One of the fun things about writing this blog is having an opportunity to address all things liturgical. (Liturgy is one of my passions. I am the Assistant Liturgist in our monastic community which means that I get to write the Prayer of the Faithful, plan Office hymns after Christmas and Easter and even plan the Sunday celebration from time to time. More importantly, I get to learn from the master. Our prioress is also our liturgist and she is renowned within our small Benedictine world for her gifts in this area.)
Today begins the 1st Week of Ordinary Time. The word, “ordinary” comes from “ordinal” meaning, “numbered.” In our contemporary usage, “ordinary” means: average, dull, without decoration, or having no special meaning. These contemporary meanings do not properly reflect the liturgical season. Ordinary Time is ordered or numbered. It lasts either 33 or 34 weeks. Ordinary Time begins after the Christmas season ends and lasts until Lent. Then, the season continues between the Easter season and Advent. If you look at the liturgical calendar, this season represents two slices of the pie.
So, how do we get the word out that these weeks are anything but “ordinary”? Certainly, there will good preaching on this very subject. And, GOD’s little ones in religious education classes will be learning to understand the calendar. Perhaps, as adults alive in the faith, it would be helpful in this new season to contemplate time, in general – time as GOD’s gift.
In the book of Genesis, we’re given two beautiful accounts of the creation of the world. GOD brings everything into being in six days time, and models for us the sacredness of Sabbath rest. Our Jewish brothers and sisters believe that there have been 5769 years since the creation. The ancient Romans used the sun and the moon to govern their days. Pope Gregory VIII gave Christendom the current calendar which uses the approximate birth of Christ as the point of demarcation.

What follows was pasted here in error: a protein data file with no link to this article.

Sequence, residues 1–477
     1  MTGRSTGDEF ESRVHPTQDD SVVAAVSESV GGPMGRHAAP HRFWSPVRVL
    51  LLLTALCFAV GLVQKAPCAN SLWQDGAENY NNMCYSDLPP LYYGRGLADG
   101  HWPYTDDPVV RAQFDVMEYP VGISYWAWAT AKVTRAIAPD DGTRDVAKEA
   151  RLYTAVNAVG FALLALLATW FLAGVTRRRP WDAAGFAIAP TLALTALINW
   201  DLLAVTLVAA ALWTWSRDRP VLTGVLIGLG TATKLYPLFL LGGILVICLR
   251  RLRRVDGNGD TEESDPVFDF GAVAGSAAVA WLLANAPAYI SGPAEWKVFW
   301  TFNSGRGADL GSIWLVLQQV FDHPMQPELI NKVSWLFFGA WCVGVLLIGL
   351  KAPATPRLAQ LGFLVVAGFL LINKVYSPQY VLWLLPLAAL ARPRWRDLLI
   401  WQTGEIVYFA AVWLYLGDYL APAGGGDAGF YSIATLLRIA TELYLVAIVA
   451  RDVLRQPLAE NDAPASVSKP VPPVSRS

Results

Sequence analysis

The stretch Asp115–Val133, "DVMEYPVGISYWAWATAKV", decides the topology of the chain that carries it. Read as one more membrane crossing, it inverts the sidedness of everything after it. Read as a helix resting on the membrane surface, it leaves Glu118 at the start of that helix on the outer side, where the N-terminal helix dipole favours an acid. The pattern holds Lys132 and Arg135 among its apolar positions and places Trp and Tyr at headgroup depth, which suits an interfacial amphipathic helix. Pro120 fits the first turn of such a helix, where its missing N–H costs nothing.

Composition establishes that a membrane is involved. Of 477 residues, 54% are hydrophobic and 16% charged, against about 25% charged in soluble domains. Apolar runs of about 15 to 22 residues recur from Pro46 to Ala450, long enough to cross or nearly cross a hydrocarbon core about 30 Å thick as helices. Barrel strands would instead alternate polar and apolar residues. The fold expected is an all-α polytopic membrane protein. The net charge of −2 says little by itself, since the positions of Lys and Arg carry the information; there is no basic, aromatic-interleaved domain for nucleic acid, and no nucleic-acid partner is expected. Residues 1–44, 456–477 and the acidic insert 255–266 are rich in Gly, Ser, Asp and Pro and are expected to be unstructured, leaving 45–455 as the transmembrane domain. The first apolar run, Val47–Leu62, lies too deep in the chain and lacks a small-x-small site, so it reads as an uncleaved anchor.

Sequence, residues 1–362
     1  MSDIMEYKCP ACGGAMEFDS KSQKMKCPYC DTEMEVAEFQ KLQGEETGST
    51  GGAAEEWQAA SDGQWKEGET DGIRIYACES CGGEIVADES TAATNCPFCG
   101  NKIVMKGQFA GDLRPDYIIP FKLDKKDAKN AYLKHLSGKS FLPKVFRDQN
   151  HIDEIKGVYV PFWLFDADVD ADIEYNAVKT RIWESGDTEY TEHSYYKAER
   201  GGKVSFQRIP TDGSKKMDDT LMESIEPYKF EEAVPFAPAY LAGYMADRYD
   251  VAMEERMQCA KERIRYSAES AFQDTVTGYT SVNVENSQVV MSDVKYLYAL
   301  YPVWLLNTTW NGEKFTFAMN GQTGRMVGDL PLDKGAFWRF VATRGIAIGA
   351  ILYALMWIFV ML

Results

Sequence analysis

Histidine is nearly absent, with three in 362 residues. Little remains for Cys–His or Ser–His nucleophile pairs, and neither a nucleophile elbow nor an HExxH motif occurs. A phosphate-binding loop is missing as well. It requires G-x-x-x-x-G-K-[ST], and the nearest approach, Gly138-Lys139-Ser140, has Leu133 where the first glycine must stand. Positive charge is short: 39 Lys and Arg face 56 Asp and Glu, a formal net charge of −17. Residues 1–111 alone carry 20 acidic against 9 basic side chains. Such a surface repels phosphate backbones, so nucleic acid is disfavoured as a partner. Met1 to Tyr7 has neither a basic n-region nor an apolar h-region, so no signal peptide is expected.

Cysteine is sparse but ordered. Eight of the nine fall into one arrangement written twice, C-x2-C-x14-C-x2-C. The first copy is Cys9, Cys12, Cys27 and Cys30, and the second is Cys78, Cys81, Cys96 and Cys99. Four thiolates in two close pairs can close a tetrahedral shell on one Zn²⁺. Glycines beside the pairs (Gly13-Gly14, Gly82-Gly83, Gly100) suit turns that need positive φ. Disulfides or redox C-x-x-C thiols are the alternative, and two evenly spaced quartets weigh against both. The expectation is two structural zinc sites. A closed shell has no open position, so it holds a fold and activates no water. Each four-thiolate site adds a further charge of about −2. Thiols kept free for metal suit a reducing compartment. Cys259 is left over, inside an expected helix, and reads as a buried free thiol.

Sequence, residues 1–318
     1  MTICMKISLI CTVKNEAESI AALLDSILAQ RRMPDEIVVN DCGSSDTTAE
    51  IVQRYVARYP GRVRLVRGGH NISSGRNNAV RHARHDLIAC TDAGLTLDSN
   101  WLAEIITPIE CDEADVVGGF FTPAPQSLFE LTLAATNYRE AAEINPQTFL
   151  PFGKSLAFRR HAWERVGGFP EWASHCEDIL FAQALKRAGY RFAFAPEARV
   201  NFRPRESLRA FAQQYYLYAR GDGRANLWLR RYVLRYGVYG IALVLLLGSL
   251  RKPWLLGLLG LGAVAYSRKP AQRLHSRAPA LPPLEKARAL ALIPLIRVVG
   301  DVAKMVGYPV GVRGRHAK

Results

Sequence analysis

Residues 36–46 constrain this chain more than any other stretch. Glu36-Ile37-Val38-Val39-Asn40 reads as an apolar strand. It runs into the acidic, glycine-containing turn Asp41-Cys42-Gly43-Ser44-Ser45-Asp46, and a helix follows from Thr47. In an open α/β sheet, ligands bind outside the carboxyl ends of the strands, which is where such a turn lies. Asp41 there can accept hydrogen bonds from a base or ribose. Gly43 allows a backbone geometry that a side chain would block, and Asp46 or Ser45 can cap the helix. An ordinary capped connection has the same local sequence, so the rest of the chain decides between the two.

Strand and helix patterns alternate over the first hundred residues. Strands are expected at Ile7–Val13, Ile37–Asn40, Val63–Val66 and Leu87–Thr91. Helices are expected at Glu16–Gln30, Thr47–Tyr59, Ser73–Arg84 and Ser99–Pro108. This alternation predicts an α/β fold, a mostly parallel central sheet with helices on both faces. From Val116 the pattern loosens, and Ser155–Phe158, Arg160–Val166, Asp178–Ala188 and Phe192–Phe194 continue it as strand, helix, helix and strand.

Since the dawn of human history, we have endeavored to number our days. This quantitative analysis has helped us to see the hand of GOD in history and to mark moments of great joy and sorrow. How wonderful to look back on the previous year and count my blessings. How wonderful to think of the months ahead punctuated by special days and feasts of the Lord. Time is GOD’s gift to us. And, like every gift, it must be received in freedom.
When we allow time to become the enemy and the determinant of our good deeds, we lose possession of the gift. When we buy into the cultural mandate that “time is money,” the gift is beyond our grasp. Yes, the “world” does not understand this kind of thinking, but the Church, in her wisdom, grounds us in the Liturgical Year. Our days are ordered according to the birth, life, death and resurrection of Christ. No other calendar is more important in the life of the faithful. During Ordinary Time we’re encouraged to contemplate the active ministry of the Savior. We hear the words of Jesus in parable and preaching. We revisit the miracles of healing – bodily and spiritual. We share in the adventures of twelve brave men and the women of faith who accompanied Jesus throughout his three-year mission. There is truly nothing ordinary here. And, as the graces of these weeks are felt and received, we will continue to awaken to the Christ-life within us – the force of love than makes every human day extra-ordinary, a unique moment in the life of grace. So, as the wreaths come down and the green vestments go on, let us be grateful for the gift of time – the days, months and years we’ve each been given to come to know the love of GOD for us in Christ. We have only this moment – our next breath – in which to give GOD praise.
Blessings and love to you all,
- Sister Vicki